not a mere commonplace sentence. In fact, before our departure, Governor Allen imparted to me a scheme of his of a somewhat surprising nature, and which, at the time, might well have borne the stamp ‘Confidential.’ I shall disclose it further on, and it will serve to dispose of some other assertions of a speculative character which have appeared in the Washington Post. Meanwhile, I go on with my narrative. Having no memorandum notes at my disposal at the time I write, I cannot give precise dates, but I believe it was in March, 1865, that Colonel E. Miltenberger, Major Moncure, and myself left Shreveport on what may have appeared a special mission of some kind. Of us three, Colonel E. Miltenberger alone was invested with an official character, confined, however, to the State of Louisiana, not emanating from the Confederacy as an aggregate of States. Our path lay through the breadth of Texas, and the news of my passage having preceded me, I was met at every stage of our journey by a deputation of citizens, who came to welcome me; nor was I allowed to settle any hotel bill, but everywhere was received and considered as the guest of the State. In recalling these incidents, I am only impelled by the desire of conveying to the State of Texas my deep and lasting sense of gratitude for the well-remembered and highly-appreciated courtesy extended me on that occasion. We travelled by stagecoach, and our progress was slow. At length we reached Matamoras, where we crossed the Rio Grande into Mexico territory. Here we had to wait for steamer to take us to Havana, and at the latter place another delay occurred, when finally we were able to embark on board a Spanish ship, one of a line of steamers plying between Havana and Cadiz, which port we reached after a stormy passage of at least fourteen days. From Cadiz we went on to Madrid, partly by stagecoach. From Madrid, however, we could travel on by rail to Bordeaux and Paris. On the last day of our journey, in looking over a newspaper, the first news that met my eye was that of the Duke de Morny's death. It seemed like the irony of fate that the fulcrum—so to speak—of my efforts should fail me just as I was reaching my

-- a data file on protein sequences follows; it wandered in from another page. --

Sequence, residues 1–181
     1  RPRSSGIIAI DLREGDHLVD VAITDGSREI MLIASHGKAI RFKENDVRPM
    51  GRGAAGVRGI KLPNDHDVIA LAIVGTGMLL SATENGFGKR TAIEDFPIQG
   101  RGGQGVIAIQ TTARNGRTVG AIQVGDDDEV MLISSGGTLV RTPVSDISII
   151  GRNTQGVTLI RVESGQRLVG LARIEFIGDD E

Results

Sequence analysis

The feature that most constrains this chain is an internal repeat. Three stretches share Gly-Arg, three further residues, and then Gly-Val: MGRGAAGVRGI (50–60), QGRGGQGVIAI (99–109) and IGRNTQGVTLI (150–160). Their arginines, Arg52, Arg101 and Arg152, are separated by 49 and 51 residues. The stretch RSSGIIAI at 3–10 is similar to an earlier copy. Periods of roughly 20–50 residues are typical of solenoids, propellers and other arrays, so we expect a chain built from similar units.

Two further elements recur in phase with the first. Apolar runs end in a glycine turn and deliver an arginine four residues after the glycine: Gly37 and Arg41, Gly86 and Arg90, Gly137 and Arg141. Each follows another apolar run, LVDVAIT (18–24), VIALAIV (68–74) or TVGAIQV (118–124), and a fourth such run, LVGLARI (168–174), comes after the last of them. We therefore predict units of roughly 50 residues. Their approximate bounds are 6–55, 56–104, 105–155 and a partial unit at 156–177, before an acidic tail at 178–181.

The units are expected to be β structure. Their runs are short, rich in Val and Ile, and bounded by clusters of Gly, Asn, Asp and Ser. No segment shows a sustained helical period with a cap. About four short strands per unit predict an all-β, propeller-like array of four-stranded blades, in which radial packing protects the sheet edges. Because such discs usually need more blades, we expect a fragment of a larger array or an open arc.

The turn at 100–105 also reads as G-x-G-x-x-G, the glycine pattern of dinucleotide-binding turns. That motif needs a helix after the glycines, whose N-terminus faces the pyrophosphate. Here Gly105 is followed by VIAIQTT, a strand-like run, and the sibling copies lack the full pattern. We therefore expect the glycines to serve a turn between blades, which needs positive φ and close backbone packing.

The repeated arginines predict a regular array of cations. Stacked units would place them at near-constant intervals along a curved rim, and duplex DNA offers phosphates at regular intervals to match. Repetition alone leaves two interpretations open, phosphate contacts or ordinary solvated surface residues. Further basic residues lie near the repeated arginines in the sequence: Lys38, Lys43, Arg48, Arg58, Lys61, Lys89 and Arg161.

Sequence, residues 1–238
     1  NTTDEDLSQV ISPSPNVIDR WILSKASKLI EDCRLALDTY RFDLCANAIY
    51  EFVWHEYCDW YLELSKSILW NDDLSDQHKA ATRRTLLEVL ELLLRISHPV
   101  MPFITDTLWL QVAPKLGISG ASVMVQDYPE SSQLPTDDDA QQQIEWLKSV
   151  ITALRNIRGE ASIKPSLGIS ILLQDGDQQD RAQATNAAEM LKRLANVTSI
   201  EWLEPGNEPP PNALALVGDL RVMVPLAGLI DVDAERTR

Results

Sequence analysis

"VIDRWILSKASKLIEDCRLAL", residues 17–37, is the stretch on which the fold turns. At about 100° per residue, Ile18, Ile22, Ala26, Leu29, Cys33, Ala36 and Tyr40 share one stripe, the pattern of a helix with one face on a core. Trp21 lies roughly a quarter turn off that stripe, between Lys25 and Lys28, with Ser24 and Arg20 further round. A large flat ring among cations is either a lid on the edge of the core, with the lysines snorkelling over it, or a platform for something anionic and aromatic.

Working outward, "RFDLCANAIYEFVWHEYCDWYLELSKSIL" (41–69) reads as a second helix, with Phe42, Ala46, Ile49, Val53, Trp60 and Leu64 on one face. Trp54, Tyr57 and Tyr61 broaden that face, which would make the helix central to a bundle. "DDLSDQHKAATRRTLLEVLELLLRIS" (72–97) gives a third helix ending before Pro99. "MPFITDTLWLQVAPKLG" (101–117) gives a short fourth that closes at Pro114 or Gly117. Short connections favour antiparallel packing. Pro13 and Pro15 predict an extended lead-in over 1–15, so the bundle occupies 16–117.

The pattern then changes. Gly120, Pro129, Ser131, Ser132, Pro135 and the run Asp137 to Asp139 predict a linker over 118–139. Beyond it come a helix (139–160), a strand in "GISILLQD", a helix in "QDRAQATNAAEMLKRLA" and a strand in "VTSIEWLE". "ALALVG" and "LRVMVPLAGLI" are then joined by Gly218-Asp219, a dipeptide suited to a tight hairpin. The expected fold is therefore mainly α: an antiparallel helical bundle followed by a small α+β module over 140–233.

This text is part of:
Table of Contents:
Dedication of a bronze tablet in honor of Botetourt Battery
The battle of Dranesville, Va.
The career of General Jackson
Remarkable record of the Haskells of South Carolina .
The battle of New Market , Va. From the Confederate veteran, Dec. , 1907 .
Chaplain Matthew O'Keefe of Mahone 's Brigade .
General Hood 's Brigade .
The cruise of the Shenandoah .
The Eleventh Kentucky Cavalry , C. S. A. From the Lexington, Ky. Herald, April 21 , 1907 .
Roster of the companies.
Roster of Company E , Nineteenth Virginia Infantry .
Demonstration on Harpers Ferry , from the Times-dispatch, December 9 , 1906 .
From Manassas to Frazier's Farm .
This work is licensed under a Creative Commons Attribution-ShareAlike 3.0 United States License.
An XML version of this text is available for download, with the additional restriction that you offer Perseus any modifications you make. Perseus provides credit for all accepted changes, storing new additions in a versioning system.